Henri Bergson was born in Paris in 1859. At the age of thirty he published his work on the meaning of time and freedom and became a famous and much admired philosopher.
Henri Bergson was awarded the 1927 Nobel prize for literature “in recognition of his rich and vitalizing ideas and brilliant skill with which they have been presented”.
In his teachings, he made a distinction between the conceptual notion of the external reality and the immediate intuitive consciousness that is reveal to us from within, which for him was the only means of understanding life and time.
Despite his attraction to Catholicism, he refused to be baptized and to cut his ties with the fate of the Jewish people at the time of persecutions; on the eve of his death, he insisted on registering as a Jew at Paris police station.
Henri Bergson died in 1941.
Rene Cassin was born in Bayonne, France in 1887. In 1914, he received his Ph.D. degree in judicial, economic and Political Sciences.
On that year, World War I broke. Cassin, who was severely injured in battle, learned a human lesson from his personal suffering, and dedicated his life to the benefit of all people.
In addition to his activity for the benefit of war-disabled and orphans, Cassin represented France in international institutions; initially in the League of Nations and later on in the United Nations. During World War II, Cassin joined De Gaulle’s Government in exile, and handled the arrangement of the status of “Free France”.
In light of the horrors of World War II, Cassin placed his judicial knowledge at the service of the United Nations Commission on Human Rights. His greatest contribution was expressed in the drafting of the majority of the sections of the Universal Declaration on Human Rights.
In 1968, Rene Cassin was awarded the Nobel Peace Prize for his persistent struggle against the oppression and injustice prevailing in the world.
Cassin also acted in the service of his people: he served as the President of the Alliance Israelite Universelle and assisted in the rehabilitation of Jewish communities throughout the world.
Rene Cassin died in 1976 at the age of 89.
Georges Charpak was born in 1924 in the little Jewish town of Sarny, Ukraine. He was 8 years old when his family emigrated to France. During the German occupation of France, Charpak joined a leftist group of resistance, was arrested in 1944 and deported to Dachau camp. He was liberated in 1945, being only 21. He started working in the “National Center for Scientific Research” in which he obtained his PhD. in experimental nuclear physics.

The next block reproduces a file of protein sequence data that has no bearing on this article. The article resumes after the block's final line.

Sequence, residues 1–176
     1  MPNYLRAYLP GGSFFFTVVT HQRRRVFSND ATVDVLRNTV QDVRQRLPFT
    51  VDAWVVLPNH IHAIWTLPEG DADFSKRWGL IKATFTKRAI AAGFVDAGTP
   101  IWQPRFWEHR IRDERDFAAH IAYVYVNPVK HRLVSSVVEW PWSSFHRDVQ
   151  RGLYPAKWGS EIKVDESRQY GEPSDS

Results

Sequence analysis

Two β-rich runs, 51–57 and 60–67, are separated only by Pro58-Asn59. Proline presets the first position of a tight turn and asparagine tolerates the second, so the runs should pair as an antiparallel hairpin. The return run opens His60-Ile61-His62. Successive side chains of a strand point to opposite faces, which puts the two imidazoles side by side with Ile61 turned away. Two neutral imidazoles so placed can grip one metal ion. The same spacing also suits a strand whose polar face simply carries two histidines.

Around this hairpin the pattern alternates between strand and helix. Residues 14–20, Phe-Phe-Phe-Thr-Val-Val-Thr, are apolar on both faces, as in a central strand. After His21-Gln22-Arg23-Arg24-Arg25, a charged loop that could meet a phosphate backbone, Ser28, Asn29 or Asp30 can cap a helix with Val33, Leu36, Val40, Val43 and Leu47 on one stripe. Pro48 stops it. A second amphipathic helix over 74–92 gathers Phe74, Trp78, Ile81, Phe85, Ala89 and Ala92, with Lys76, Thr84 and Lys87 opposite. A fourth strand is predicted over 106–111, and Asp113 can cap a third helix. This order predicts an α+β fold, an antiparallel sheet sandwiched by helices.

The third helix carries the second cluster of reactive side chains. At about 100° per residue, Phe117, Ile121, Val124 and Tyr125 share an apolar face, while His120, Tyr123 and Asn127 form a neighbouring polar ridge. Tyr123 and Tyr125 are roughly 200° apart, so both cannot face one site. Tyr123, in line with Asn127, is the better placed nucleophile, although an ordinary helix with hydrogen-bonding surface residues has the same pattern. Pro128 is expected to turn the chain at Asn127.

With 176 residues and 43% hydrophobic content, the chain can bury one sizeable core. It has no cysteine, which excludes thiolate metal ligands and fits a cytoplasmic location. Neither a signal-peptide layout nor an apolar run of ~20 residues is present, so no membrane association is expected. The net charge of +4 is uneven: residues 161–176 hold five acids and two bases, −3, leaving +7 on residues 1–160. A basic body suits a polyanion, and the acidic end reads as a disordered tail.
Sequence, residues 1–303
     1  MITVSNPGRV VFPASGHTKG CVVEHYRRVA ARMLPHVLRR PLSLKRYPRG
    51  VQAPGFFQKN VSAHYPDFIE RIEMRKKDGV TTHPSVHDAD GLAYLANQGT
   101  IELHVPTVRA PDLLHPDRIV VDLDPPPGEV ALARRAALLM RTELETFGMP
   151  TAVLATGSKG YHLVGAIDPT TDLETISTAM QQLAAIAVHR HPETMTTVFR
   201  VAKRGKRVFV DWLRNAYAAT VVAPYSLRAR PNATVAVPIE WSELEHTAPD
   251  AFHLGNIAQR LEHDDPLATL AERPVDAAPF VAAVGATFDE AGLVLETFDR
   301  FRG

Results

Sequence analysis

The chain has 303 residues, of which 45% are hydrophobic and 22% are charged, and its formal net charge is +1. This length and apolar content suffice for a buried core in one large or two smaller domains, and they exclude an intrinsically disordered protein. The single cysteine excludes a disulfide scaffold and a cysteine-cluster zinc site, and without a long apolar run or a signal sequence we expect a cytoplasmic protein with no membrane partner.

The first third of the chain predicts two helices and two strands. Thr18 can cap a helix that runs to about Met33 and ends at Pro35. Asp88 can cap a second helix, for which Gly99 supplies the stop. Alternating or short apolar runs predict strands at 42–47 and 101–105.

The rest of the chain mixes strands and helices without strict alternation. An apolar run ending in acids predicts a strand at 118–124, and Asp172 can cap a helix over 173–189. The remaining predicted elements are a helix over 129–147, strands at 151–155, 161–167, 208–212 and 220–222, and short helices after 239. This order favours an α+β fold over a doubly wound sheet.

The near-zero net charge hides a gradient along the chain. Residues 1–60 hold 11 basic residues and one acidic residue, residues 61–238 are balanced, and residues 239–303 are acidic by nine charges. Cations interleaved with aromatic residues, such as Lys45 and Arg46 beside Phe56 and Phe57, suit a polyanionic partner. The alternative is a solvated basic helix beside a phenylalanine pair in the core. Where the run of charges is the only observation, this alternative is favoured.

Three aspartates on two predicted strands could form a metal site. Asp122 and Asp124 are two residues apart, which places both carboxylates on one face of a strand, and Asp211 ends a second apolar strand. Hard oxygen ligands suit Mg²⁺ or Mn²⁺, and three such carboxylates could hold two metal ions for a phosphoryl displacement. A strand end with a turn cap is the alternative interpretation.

In 1957, Charpak published, at first, his ideas about detectors of particles; but his colleagues were not yet ready to exploit his proposals. In 1959, he joined the Leon Lederman team at CERN (The “European Organisation for Nuclear Research”) in Geneva to measure the magnetic moment of the muon. Since then, he didn’t leave this Center, forming his own team, pioneering in development of particles’ detectors.
In 1992, Georges Charpac was awarded the Nobel prize in physics “for his invention and development of particle detectors, in particular the multiwire proportional chamber”.
This invention made it possible to increase the data collection speed for registering charged particle trajectories and interactions. The development of detectors goes hand in hand with the general scientific progress. During the last two decades, various types of particle detectors based on Charpak’s original invention have been of decisive importance for many discoveries in physics, with various applications in medicine or biology.
Francois Jacob was born in Nancy, France, in 1920 in a family of merchant. His medical studies in the Paris University came to an end in 1940 with the invasion of France by the Germans; Jacob joined the “Free French” and served as a medical officer. His hands were severely wounded; so he understood he will never realized his dream to become a surgeon.
In 1947, he received his medical degree at the Sorbonne and devoted his doctoral research to the genetics of bacteria. He started working at the Pasteur Institute and in 1960 he was nominated director of the Genetics Research Department.
In 1965, Francois Jacob was awarded, together with Lwoff and Monod, the Nobel prize of physiology and medicine “for their discoveries concerning genetic control of enzyme and virus synthesis”.
Jacob and Monod discovered the messenger-RNA molecule which transmit the information encoded in the DNA loaded in the cell nucleus – from the nucleus to the cell cytoplasm. There, with the help, among others, of two RNA, a new protein molecule is manufactured which fits exactly the code initially inscribed on the DNA.
Furthermore, Jacob and Monod differentiated two types of genes: the structural genes which are bearing all characters and information of a cell; and the regulatory genes which influence the rate of expression of each one of the structural genes. The regulatory genes can be influenced by internal stimuli of various sorts and, also occasionally, by external factors such as heat, radiation, and so on. Thus can explain diverse phenomenon such as burst of certain cancerous tumors and the sudden outbreak of viral diseases such as Herpes and Aids.